Gut Microbiome 101: What is it, Why is it so important and How to feed it

 
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The mighty microbiome. You can’t glimpse into the wellness world without hearing mention of this exciting area of research. Although scientists discovered gut bacteria in the late 1800’s, it wasn’t until the early 21st century (2001) that the term microbiome was described. So the concept of the microbiome is really in its infancy and what’s so exciting is that there is still so much to learn and I’ll be ready and waiting to geek out on all of it.

What exactly is this microbiome that everyone is buzzing about? It is defined as all of the trillions of microorganisms (bacteria and fungi) and their genetic material that line the digestive tract. It is commonly thought the ratio of bacteria to human cells exist in a 10:1 ratio, however now it is believed to be closer to 3:1 or 1:1. Why? Well two reasons- 1) it can depend upon whether non-nucleated cells are considered in the overall body cell count (think red blood cells) and 2) the microbiome has drastically changed since earlier counts which is likely due to the evolution of the western diet, changes in our soil and the constant use of hand sanitizer to name a few. Bottom line: these ratios show the magnitude of bacteria in our body and thus should have us thinking about the important role these bacteria play in our overall health.

Why is the gut microbiome important to our health?

The gut microbiota are involved in a number of metabolic and immune functions as well as manufacturing neurotransmitters, enzymes and vitamins like vitamin K.

Healthy gut bacteria also help to maintain the lining, or mucosa, of the gut so that the bad stuff such as toxins and waste do not leak out into our body. If this should happen a whole host of problems occur such as inflammation, allergies, etc. The following are the benefits of a healthy gut flora:

· Improved immune function – At least 70% and up to 80% of our immune system resides in our gut. The good bugs in our tummies fight the bad bugs therefore we want to keep them populated and thriving.

· Management of blood sugar – Research is being conducted to show the link between gut bacteria and glucose metabolism and homeostasis. This area of research is exciting and can provide a new way to treat diabetes.

· Reduced weight- Crazy as it sounds, our microbiome may be more responsible for our cravings than our head. When we crowd out the bad, sugar-craving bacteria (that result from the consumption of sugary, processed foods) with fiber-filled, whole foods we find less cravings and usually a reduction in weight. Further, our healthy gut bacteria metabolize fiber and produce chemicals that help us feel full.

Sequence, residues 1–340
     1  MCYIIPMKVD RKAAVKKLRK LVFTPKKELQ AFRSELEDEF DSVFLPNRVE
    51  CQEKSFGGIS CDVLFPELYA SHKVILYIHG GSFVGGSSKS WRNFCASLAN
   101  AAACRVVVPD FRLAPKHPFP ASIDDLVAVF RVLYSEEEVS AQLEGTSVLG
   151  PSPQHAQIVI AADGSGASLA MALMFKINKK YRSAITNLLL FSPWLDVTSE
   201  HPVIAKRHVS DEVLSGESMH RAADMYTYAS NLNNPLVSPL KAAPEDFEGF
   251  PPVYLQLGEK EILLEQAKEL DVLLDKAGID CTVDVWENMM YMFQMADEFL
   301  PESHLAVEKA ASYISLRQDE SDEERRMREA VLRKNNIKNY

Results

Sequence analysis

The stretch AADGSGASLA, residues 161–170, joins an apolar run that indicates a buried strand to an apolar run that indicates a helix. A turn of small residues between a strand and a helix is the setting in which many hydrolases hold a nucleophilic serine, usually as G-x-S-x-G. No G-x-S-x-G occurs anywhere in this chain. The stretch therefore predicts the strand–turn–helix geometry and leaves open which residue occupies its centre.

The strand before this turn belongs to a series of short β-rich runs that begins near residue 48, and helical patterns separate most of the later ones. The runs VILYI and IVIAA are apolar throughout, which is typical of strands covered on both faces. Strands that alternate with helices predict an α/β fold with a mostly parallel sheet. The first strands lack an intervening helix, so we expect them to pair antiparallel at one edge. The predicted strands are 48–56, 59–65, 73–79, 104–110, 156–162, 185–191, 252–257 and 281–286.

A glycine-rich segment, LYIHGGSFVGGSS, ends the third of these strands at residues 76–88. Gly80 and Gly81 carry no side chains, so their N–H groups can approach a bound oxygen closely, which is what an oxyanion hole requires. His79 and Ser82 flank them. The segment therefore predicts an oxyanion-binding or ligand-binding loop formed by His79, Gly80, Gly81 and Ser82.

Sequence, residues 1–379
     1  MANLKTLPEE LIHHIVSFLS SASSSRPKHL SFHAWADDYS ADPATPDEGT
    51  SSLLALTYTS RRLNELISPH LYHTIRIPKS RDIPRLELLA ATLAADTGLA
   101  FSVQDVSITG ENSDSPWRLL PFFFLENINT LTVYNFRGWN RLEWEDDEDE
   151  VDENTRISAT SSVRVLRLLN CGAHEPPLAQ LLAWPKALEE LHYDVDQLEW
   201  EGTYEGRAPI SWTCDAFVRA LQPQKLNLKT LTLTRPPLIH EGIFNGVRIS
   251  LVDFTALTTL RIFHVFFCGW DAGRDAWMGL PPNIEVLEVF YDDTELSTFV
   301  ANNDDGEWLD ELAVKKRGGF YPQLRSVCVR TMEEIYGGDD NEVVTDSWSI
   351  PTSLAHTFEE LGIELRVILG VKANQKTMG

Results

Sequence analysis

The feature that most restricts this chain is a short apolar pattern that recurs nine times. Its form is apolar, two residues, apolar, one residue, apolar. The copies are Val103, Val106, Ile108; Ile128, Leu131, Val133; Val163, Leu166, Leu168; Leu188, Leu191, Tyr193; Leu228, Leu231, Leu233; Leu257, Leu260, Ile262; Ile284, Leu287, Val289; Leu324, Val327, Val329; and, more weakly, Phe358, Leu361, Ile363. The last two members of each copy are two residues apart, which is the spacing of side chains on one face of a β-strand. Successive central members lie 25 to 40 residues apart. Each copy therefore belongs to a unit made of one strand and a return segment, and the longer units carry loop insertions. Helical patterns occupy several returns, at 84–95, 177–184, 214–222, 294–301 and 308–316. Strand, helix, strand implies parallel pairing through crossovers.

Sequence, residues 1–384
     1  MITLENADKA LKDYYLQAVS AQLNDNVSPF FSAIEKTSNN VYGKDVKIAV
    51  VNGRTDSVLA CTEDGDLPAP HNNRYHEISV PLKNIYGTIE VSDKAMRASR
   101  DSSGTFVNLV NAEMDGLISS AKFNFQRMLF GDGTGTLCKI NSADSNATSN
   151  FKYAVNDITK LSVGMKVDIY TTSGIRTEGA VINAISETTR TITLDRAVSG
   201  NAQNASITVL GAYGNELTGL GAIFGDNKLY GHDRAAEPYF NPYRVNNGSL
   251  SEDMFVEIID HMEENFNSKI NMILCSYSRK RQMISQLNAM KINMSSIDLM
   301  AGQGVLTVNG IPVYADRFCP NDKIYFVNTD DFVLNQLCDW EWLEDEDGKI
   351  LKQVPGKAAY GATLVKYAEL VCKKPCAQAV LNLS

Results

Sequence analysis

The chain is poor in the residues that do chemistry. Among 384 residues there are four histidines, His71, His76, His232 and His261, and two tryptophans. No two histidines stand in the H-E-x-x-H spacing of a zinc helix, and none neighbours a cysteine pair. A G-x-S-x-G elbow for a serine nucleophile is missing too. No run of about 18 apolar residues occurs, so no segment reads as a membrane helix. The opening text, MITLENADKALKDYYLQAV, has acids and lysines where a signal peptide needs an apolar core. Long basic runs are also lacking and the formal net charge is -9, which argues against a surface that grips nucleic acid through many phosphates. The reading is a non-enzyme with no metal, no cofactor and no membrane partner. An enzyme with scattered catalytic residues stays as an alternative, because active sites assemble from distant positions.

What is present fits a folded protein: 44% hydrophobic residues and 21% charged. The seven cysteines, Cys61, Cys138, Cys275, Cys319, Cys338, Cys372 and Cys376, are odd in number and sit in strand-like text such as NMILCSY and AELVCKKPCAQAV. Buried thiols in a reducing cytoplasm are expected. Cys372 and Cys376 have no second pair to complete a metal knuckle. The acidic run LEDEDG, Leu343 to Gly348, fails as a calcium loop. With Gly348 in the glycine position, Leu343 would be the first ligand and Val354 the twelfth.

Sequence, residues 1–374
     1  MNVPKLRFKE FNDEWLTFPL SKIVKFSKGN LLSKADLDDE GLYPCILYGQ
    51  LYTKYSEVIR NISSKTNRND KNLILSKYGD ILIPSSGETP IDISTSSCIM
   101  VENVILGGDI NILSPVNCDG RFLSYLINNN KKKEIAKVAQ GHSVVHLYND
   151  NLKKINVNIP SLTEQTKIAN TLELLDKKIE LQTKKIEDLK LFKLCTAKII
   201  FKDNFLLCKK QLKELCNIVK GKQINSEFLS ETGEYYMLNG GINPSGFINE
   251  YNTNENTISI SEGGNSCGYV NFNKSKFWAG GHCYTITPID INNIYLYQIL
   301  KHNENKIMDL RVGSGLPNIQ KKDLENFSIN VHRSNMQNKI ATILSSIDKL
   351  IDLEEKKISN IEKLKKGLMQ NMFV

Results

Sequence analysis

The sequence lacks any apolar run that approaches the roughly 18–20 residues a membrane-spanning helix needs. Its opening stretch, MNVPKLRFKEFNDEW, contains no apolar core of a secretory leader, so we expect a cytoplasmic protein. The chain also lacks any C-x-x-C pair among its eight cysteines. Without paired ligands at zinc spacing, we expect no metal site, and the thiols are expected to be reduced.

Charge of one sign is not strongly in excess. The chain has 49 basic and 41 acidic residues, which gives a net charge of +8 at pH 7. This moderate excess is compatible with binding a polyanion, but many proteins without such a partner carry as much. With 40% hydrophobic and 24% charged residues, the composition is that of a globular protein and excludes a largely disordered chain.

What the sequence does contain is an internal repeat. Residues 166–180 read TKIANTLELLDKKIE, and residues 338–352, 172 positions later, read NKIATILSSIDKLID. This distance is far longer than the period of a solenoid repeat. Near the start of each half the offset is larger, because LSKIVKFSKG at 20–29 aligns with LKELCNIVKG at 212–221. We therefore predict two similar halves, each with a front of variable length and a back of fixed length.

· Reduced inflammation- As mentioned before healthy gut bacteria maintain the integrity of our gut lining. Without a healthy gut lining, toxins escape into the bloodstream and lead to chronic inflammation (the underlying cause of chronic diseases).

· Improved mood- Our gut bacteria communicate with our brain along what is called the gut-brain axis or HPA (Hypothalamic–pituitary–adrenal) axis. Our microbiota secrete neurotransmitters such as dopamine and GABA that work to boost mood and calm anxiety.

What disrupts the gut microbiome?

Dysbiosis is the term used to describe instances when our gut microbes are out of balance. Symptoms of dysbiosis include upset stomach, bloating, diarrhea, constipation, depression, anxiety, skin issues, gas, fatigue and so on. Here are some factors leading to imbalance:

-Overuse of antibiotics – I can’t stress enough, don’t take them unless you need them! Antibiotics fight the bad bacteria and kill the good bacteria as well. It can takes months to repopulate the good bacteria that we lose.

-Processed foods, especially processed meats

-High fat foods such as fried foods, fatty meats and cheeses

-Artificial sweeteners

-High sugar diets

-Diets high in animal protein

-Food additives such as emulsifiers, which wreak some serious havoc on our gut mucosa and have been indicated as major culprits in chron’s and inflammatory bowel disease